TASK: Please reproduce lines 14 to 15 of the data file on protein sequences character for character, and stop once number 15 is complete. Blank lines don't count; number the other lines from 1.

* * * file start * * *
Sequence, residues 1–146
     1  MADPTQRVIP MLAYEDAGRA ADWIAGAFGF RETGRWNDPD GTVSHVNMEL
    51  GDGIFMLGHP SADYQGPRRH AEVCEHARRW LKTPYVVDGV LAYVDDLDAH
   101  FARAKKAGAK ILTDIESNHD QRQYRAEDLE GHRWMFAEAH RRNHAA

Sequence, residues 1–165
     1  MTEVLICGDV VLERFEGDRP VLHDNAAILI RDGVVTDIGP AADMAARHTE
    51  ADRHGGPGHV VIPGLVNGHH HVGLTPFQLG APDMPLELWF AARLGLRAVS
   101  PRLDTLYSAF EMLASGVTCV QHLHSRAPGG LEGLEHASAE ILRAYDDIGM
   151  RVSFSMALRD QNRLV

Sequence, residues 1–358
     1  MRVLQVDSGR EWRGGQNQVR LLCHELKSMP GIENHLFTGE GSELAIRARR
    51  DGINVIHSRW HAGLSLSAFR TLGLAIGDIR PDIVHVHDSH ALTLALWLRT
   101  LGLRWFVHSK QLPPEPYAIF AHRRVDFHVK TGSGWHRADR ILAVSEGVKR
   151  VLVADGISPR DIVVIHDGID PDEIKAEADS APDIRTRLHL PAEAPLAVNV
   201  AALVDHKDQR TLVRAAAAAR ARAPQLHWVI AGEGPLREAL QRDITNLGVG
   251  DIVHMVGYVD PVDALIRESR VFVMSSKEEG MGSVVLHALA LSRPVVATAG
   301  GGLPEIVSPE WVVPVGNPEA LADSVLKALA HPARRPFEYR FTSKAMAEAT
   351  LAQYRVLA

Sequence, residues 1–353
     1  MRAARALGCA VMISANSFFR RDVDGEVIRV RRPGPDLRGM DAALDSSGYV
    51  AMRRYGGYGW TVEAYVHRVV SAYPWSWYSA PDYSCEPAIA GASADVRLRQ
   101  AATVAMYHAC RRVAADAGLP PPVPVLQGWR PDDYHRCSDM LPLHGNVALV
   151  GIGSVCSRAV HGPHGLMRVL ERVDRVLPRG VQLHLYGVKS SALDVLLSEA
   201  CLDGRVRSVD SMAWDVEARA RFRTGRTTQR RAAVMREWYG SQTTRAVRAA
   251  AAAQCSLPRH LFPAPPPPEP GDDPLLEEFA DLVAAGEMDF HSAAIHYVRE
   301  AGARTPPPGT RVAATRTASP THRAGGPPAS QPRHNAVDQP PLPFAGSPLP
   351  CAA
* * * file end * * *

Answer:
   151  VLVADGISPR DIVVIHDGID PDEIKAEADS APDIRTRLHL PAEAPLAVNV
   201  AALVDHKDQR TLVRAAAAAR ARAPQLHWVI AGEGPLREAL QRDITNLGVG